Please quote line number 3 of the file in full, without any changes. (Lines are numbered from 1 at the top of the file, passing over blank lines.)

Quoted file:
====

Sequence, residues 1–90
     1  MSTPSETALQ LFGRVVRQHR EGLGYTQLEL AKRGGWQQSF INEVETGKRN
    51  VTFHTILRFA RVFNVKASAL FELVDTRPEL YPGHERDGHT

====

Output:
    51  VTFHTILRFA RVFNVKASAL FELVDTRPEL YPGHERDGHT